The thing I learned about this is that the SimpleSet mortar requires a large amount of time to set properly. I came back to the project about 12 hours after application and the mortar was not solid when I touched it.
So I just waited another day before doing the next layer of thin set.
When working with the sponge, I find that it’s best to have almost no water content in the sponge. Basically, I want to wring out the sponge as much as humanly possible before using the sponge to texturize the area that I filled with mortar.
Overall, I believe this is a great solution to a cracked mortar wall like this.
I hope this helped. If you have any details or suggestions to help others, please let us know in the comment section below.
But I’m not 100% confident about that. Also, I’m not sure if I recomend this solar system yet.
It seems to be working fine for small loads at this time but I can’t say for certain that I think it’s a great system.
Basically, I don’t know anyone who knows about solar so I just had to buy stuff and plug it together. We’re still parked under a tree so we haven’t had the chance to give it a great test.
It’s working fine for lights, charging power tool batteries and fans. If we try to run the refrigerator on solar AC power right now, I find the system can’t keep up.
But again, we’re parked under a tree in the forest. If we were parked in a place that doesn’t have shadows from trees or clouds (ideally a empty Nevada desert), I bet we would have dramatically better results.
Solar power is really cool when it works. I’ve got battery powered tools and I can charge all of them using my solar kit. I’m cutting wood and drilling holes and cutting metal with solar power nowadays. It’s kinda awesome.
If you’re reading this, I’m in the process of designing the flooring system. So my notes and ideas are shown in real time in this blog.
Once I commit to a strategy and implement it, this blog will explain of the floor’s design and the implementation process.
Later, once we spend more time in the home, I’ll share my results here. Thank you for reading.
To Remove Existing School Bus Floor or Not to Remove
From the looks of our existing floor, it seems like we might not need to take it out. I can’t see any places where the flooring is in terrible condition.
That said, we’re building something that we want to last for at least 100 years. I can’t make the assumption that everything is fine under there. We’ve decided to take the existing flooring out so that we can seal the existing metal floor with anti-rust paint and rebuild a bulletproof strategy for going forward.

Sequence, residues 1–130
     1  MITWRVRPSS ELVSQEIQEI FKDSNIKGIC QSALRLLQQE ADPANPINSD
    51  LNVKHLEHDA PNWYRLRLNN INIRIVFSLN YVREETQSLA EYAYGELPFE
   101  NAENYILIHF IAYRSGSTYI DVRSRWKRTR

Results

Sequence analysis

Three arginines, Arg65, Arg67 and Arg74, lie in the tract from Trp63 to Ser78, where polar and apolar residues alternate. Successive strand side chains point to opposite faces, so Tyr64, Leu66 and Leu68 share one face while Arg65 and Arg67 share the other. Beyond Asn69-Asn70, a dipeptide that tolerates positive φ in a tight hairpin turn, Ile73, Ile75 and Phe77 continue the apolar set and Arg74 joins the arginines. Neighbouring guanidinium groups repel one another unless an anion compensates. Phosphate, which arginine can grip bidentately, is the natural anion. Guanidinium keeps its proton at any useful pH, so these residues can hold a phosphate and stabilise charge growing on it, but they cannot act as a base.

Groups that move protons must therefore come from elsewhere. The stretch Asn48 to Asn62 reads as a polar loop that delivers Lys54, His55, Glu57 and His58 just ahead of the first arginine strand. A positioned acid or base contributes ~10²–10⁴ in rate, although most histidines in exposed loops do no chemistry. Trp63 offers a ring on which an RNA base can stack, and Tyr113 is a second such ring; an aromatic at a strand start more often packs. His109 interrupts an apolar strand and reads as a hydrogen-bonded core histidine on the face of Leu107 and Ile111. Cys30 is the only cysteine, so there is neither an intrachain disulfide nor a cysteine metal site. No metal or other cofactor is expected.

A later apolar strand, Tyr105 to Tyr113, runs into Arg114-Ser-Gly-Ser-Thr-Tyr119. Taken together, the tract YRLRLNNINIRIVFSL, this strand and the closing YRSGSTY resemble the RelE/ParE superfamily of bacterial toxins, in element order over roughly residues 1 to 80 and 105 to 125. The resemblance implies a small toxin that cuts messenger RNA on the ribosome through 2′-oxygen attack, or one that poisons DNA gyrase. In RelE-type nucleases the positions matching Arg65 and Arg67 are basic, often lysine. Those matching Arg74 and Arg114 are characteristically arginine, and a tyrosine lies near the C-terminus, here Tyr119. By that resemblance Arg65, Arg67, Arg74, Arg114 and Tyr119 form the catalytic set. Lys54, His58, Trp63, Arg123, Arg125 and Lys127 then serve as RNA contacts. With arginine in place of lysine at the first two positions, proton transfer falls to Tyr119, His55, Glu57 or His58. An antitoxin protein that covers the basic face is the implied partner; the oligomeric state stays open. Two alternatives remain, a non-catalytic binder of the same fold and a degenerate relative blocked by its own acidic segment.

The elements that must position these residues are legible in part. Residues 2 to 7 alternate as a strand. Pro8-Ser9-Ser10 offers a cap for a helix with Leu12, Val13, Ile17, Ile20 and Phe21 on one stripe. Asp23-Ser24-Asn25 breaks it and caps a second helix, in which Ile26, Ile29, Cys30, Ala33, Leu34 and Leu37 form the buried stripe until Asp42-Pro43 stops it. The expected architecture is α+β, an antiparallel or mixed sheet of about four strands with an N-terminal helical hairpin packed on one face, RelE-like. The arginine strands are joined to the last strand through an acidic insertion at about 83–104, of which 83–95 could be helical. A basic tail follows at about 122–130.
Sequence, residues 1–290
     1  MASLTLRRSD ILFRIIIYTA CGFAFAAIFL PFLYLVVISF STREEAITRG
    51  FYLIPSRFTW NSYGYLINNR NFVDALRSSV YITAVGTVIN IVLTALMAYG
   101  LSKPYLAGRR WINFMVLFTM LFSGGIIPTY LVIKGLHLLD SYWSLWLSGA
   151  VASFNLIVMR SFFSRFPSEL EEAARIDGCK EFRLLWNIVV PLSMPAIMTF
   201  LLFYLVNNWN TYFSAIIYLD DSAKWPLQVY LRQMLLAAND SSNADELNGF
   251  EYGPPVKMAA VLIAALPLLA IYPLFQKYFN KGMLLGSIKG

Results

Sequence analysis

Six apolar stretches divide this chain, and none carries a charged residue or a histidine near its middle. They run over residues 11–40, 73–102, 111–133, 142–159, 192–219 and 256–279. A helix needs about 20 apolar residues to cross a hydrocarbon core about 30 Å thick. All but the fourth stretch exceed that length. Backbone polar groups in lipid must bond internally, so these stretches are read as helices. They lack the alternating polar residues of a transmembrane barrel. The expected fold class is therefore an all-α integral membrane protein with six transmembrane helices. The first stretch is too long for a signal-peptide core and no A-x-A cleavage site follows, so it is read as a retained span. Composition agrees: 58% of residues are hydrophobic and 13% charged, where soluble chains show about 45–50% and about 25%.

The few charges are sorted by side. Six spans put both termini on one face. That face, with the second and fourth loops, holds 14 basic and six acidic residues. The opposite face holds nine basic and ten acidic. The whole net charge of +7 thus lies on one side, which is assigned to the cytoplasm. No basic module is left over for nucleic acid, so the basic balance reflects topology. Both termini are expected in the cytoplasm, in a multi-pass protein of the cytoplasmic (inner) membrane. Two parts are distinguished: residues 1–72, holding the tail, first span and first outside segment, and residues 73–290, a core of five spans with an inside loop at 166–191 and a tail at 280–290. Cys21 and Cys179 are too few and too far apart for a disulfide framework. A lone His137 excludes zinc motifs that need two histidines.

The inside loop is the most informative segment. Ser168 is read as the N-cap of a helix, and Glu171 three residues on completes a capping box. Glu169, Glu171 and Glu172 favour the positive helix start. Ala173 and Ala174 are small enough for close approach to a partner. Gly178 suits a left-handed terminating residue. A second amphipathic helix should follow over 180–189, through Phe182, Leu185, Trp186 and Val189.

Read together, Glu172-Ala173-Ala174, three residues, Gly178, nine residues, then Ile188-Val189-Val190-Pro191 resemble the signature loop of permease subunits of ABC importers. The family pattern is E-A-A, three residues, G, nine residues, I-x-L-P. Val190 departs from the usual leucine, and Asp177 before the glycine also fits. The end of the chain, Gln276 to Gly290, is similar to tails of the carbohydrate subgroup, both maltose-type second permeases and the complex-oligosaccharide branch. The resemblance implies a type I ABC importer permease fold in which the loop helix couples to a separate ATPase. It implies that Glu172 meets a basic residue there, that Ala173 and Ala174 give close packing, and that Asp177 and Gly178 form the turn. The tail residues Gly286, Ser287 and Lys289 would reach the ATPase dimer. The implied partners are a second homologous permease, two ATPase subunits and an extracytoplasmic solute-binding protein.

Rust Proofing the Existing School Bus Metal Floor
I’m going to experiment with bondo and epoxy to plug any existing holes in the floor. We want to the bus to be water tight. All the holes made to secure seats will need to be sealed in a bulletproof manner.
We would like this bus to be rated to live in Lake Tahoe in the winter so we are going with the upper range of Zone 5 as recommended by the US Department of Energy (DOE).
This means the following insulation ratings for our walls, floor and ceiling if we’re to spend much of our time in the Lake Tahoe area:
Floor – (R25 to R30)
Ceiling – (R49 to R60)
Walls – (R15)
So it turns out that in order for us to get that DOE rated insulation, we will need to extend the roof of the bus. To get simple R15 insulation, the best thing I could find is 3 1/2″ inches deep which is too little insulation in too thick of a space.
I couldn’t find any R50 insulation that is 2 inches or less in thickness. Indeed, we would need another foot in the roof to get close to the reccomendations suggested by the DOE. This doesn’t seem prudent to me.
Also, the DEO is writing these requirements for relatively large homes. The heating expense of this bus will be a fraction of what a normal house would require.
The Plan for the Ceiling Insulation
We are very lucky with our bus. The existing insulation is in excellent condition. There isn’t a drop of mold on any of the main parts. The biggest weakness to the existing insulation is that it doesn’t fill the roof cavities entirely.
To solve that, I plan to buy some spray insulation to fill the gaps left from the regular insulation. I’m exploring the following products:
* This spray foam could be used on the bottom of the bus as well as the product brags that it adheres to metal
Floor Material Design
We don’t want to build up with floor height much as there is limited vertical space in the bus. That said, the bus needs to be as comfortable as possible. Here is how I see the plan for floor materials: